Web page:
Have All of the Retail VC Opportunities Gone?
Think of all of the most exciting sectors that venture capital companies can major in and it's a fair bet that high street retail will come a long way down the list.
Whilst attractive SaaS and app companies dominate the acquisition headlines, retail is a sector that is ripe for turnaround activity and it seems to have escaped many people's notice.
Following the shutdown of the world's malls and shopping plazas, there has been no shortage of candidates and although the prospect of buying a bricks-and-mortar retailer might seem unappealing there are some companies out there that are making hay.
The trend seems to be to identify businesses that were moribund before 2020, and in this respect, COVID becomes almost irrelevant.
Whilst the pandemic may provide the final straw, in fact, much of the damage that has been done to targets was a combination of old-school management and a failure to react to a changing landscape.
This means that for VC companies that are prepared to roll up their sleeves and get into the workings of the business, there are some real opportunities out there.
Identifying the value
Traditionally the VC approach has been to buy in and either grow or split the company before sale but in the case of turnaround VC, it is more about identifying unrealised value.
One business that has refined a model for identifying and developing targets is the REV Group ( Retail Ecommerce Ventures).
Specialising purely in retail, the group has built up an impressive portfolio of brands that are performing well during bleak times.
The starting point for the model is a brand that has high awareness in the marketplace but that has lost its way somewhat in the face of a new economy.
This can be as straightforward as a company such as Modell's which just failed to embrace the internet age.
Whilst the company had a superb name and a 131-year heritage, it wasn't equipped to see off the challenge of the Amazons of this world that allowed customers to have their sporting goods delivered within a day.
As REV CEO Alex Mehr explains, "If you look at people who aren't into sports, they know of Modell's - it's well-respected and an old brand. It's something people have grown up with."
This brand awareness is something that runs through all of REV's acquisitions which include Pier 1, Dressbarn and Linens 'N Things and is perhaps a signpost of where the value really lies in failing retail companies.
By buying up the Intellectual Property (IP) and marketing assets of businesses that are already well-known, VCs can have the value of the brand without the legacy leases or debt.
Realising the value
"Our ultimate goal is how can we get people what they want in the way that's most convenient for them...If that means we need to list our clothing on Amazon's or Walmart's marketplace, so be it." so says investor Tai Lopez.
REV founders Alex Mehr & Tail Lopez image: REV
Whilst it is one thing to identify the value that could be developed it is another to actually realise it.
The problem with many brick-and-mortar businesses is that they are tied into onerous leases for stores that simply no longer work.
The REV method is to take a fresh look at the way that they service customer orders, using the latest online and physical services to get products to people as efficiently as possible.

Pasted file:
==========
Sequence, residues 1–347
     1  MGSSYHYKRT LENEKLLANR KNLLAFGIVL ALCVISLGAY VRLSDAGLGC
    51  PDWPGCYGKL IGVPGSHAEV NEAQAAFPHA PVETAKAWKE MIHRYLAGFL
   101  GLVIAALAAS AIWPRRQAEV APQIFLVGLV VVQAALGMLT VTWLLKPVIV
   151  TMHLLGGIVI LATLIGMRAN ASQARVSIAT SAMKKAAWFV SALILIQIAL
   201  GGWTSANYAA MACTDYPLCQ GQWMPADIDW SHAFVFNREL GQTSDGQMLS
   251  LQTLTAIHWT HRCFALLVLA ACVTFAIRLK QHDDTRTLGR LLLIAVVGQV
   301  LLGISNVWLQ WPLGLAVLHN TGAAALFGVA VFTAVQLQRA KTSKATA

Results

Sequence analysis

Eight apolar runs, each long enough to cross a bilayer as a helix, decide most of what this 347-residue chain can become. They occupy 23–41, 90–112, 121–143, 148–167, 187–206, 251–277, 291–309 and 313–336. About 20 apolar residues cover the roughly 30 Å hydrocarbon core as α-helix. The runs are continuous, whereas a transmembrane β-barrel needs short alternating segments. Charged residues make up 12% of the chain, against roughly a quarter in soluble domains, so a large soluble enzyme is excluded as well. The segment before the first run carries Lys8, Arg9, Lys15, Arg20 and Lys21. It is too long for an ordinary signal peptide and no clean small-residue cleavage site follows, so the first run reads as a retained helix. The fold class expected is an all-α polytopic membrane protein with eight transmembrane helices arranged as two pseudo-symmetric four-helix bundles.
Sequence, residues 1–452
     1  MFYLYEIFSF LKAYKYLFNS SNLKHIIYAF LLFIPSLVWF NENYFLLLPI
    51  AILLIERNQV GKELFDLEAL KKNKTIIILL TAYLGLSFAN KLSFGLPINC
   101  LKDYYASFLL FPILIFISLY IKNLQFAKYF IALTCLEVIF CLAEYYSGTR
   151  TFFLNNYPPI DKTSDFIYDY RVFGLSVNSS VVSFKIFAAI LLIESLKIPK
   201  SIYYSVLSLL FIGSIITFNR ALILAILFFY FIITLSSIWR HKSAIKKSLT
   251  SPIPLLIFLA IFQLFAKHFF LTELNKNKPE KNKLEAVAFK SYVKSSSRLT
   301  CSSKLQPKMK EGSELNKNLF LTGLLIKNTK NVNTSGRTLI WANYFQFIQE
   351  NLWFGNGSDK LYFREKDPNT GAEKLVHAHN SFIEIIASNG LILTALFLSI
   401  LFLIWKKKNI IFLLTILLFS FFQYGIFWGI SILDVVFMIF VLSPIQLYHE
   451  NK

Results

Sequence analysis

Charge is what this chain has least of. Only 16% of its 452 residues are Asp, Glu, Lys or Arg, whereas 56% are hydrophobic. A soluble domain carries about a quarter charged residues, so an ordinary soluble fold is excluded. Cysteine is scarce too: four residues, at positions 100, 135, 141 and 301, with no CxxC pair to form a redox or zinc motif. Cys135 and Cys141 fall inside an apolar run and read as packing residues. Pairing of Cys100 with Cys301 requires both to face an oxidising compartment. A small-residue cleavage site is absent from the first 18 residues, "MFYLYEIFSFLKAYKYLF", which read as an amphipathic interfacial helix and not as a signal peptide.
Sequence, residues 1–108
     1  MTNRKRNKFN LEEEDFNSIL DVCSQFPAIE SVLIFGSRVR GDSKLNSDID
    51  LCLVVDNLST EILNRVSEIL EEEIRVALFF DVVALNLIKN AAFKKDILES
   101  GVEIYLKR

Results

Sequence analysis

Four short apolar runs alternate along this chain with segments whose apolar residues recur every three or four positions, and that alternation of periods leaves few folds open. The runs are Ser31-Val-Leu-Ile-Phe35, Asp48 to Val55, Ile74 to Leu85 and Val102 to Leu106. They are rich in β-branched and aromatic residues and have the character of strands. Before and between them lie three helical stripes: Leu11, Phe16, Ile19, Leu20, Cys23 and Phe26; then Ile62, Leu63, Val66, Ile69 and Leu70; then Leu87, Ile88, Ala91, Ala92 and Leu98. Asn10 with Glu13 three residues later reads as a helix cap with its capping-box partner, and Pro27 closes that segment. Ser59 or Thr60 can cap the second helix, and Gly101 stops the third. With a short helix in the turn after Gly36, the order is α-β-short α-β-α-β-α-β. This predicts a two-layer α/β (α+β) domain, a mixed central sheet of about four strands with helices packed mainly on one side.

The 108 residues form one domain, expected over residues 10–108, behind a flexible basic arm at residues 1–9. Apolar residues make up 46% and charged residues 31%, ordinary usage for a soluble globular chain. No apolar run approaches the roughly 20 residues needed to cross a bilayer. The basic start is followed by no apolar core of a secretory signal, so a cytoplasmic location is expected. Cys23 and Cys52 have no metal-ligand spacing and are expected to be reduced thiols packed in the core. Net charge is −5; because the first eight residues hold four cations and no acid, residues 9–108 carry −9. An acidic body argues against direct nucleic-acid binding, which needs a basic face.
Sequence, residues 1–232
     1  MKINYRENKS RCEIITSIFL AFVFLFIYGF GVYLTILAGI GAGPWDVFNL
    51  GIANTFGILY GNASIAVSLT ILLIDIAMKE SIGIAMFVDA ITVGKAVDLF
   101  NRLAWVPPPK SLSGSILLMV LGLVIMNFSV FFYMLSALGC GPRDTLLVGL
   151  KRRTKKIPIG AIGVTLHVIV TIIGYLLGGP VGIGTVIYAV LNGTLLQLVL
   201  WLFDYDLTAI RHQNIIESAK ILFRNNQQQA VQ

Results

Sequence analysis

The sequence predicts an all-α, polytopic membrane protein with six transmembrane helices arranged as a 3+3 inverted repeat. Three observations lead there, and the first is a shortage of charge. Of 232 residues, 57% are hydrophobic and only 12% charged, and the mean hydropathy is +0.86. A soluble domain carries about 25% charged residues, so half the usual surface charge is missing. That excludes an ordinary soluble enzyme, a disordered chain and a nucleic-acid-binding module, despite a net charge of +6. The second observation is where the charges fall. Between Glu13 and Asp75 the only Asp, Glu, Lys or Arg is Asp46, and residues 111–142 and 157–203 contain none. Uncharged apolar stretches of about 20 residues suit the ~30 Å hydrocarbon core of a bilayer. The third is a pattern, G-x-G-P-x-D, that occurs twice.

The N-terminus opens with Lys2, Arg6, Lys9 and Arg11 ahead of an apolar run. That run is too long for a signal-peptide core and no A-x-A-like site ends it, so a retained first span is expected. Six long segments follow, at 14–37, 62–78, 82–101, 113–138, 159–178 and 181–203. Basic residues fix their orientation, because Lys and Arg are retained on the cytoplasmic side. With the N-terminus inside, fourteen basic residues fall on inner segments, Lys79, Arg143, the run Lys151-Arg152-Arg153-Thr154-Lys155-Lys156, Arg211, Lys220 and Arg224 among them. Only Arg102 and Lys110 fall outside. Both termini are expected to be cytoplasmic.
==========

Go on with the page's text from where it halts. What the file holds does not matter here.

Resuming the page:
Mehr and fellow REV director Lopez have no particular affiliation to an operating model, they simply pick and choose the service that best suits the situation.
That having been said they have also invested in two service and fulfilment centers that will handle orders from several of REV's brands.
By introducing efficiencies into the company operating models, REV makes the most of the brands that it acquires.
Internet marketing plays a pivotal role in the way that REV revitalises its brands. Unsurprising perhaps given that Mehr founded, ran and later sold dating app Zoosk and Lopez is a YouTube megastar with a current subscriber list of 1.32m.
REV takes the brand and reintroduces it to their customers in the form of brand new websites, updated outreach and remarketing whilst developing new customers that may not have considered the brand.
It's an approach that appears to be working with their early purchase Dressbarn now finding favour with customers and posting some impressive results and latest acquisition Modell's set to go the same way.
REV shows there's still value in the marketplace
Often, if you read about an emerging trend in a market then you have already missed the boat but in the case of retail that doesn't seem to be the case.
REV has shown that there are bargains to be had across the board and the pandemic doesn't appear to have slowed their pace with purchases all through the crisis and rumors of more to come.
Although we have had many bankruptcies over the last few months it is unlikely that these are the last with many analysts suggesting that this is simply the tip of the iceberg.
This means that there are opportunities around and if the wise VC is able to switch a company to a largely online operating model then these will result in very profitable transactions.
As REV has shown, having a stable of companies that can all leverage central service centers but also retaining the agility to use third-party fulfilment where necessary builds in efficiency from the start.
By adopting the online model, developing operational efficiency and utilising the historical brand awareness that older companies have, VCs can realise the latent value that exists within many high street names.